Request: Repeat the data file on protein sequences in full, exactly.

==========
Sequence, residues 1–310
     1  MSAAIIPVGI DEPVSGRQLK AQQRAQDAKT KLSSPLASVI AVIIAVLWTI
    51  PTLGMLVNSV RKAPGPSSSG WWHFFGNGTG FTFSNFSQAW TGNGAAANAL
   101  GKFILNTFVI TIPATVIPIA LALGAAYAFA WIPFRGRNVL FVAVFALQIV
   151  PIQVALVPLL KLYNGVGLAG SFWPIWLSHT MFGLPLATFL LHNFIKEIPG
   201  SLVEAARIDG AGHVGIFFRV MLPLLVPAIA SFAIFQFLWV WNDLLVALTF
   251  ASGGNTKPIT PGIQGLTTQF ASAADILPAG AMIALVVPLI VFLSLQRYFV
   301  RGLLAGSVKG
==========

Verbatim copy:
Sequence, residues 1–310
     1  MSAAIIPVGI DEPVSGRQLK AQQRAQDAKT KLSSPLASVI AVIIAVLWTI
    51  PTLGMLVNSV RKAPGPSSSG WWHFFGNGTG FTFSNFSQAW TGNGAAANAL
   101  GKFILNTFVI TIPATVIPIA LALGAAYAFA WIPFRGRNVL FVAVFALQIV
   151  PIQVALVPLL KLYNGVGLAG SFWPIWLSHT MFGLPLATFL LHNFIKEIPG
   201  SLVEAARIDG AGHVGIFFRV MLPLLVPAIA SFAIFQFLWV WNDLLVALTF
   251  ASGGNTKPIT PGIQGLTTQF ASAADILPAG AMIALVVPLI VFLSLQRYFV
   301  RGLLAGSVKG